Due to the accelerated pace at which we’re releasing these lessons, the first iteration of the ExEC Online: Express Pack is designed for use in colleges/universities in the US and Canada. Future iterations will be accessible to students across a wider range of environments.

Regardless of who or where you teach, we welcome you to request access and we’ll notify you if, and as soon as, we’re able to bring your students on board!

Get All the ExEC Online: Express Pack Lesson Plans (Free)

Know an Entrepreneurship Instructor?

If you know anyone who these new lessons might help, please invite them to participate! You can:

Thank you for all the work you’re doing teaching and supporting young people during this challenging time – we’re grateful to have an opportunity to support you, and look forward to helping you however we can!


Virtual Workshop: Engaging Students Online

Virtual Workshop: Engaging Students Online

Let’s be honest. Teaching to a screen isn’t as fun as teaching in person. In person you can:

  • See if students are engaged
  • Have lively discussions
  • Connect with students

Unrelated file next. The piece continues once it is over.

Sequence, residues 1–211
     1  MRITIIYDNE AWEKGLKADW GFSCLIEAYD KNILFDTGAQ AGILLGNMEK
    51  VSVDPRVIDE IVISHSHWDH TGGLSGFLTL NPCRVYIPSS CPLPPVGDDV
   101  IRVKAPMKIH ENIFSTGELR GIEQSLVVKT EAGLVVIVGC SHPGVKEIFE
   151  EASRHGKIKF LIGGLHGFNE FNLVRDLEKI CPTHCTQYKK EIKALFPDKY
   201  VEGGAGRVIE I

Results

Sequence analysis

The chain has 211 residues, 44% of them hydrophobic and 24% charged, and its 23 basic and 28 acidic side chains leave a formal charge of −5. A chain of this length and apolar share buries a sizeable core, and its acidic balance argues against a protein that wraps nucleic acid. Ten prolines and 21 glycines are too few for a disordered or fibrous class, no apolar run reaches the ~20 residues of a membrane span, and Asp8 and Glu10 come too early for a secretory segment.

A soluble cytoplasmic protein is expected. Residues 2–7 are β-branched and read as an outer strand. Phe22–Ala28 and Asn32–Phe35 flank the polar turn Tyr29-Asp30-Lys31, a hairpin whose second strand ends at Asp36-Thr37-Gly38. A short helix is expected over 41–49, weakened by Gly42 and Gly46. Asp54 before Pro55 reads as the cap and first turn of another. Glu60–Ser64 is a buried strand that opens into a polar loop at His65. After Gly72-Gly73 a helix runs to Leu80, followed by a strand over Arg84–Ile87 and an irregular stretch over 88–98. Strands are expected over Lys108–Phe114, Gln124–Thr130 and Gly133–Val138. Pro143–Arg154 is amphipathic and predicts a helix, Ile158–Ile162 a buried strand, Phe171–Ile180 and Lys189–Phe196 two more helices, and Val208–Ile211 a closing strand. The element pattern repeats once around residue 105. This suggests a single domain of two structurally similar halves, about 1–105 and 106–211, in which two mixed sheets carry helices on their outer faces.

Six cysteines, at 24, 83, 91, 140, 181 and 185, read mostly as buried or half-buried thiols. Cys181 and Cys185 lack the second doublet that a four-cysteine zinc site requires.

None of those are easy to do online, and because of it, teaching online can be more draining and less enjoyable.

Online Teaching Best Practices

Interested in learning how to teach online in a more engaging way? How about learning best practices in a live, “practice what we preach” environment with other entrepreneurship instructors from around the world?

Help launch the Engaging Students Online Virtual Workshop!

You’ll Learn

Techniques for making your online…

  • Lectures more engaging
  • Discussions more interactive
  • Lessons more experiential

…and ultimately, fostering connections between you and your students.

That said, we’d love your input so we can prioritize the topics and tailor the experience to your needs.

How Much Will it Cost?

We’re hoping to keep the cost as low as possible. Please fill out the interest form to help us figure it out!

When Will it Be?

Great question. You tell us…

Taking into account your availability, when would an Engaging Students Online Virtual Workshop be most helpful to you?

Late April

Early May

Late May

More options...


Whether you’re new to online teaching and looking to improve your experience, or a pro willing to share your wisdom, please let us know if you’re interested in a virtual workshop dedicated to increasing engagement in online classes.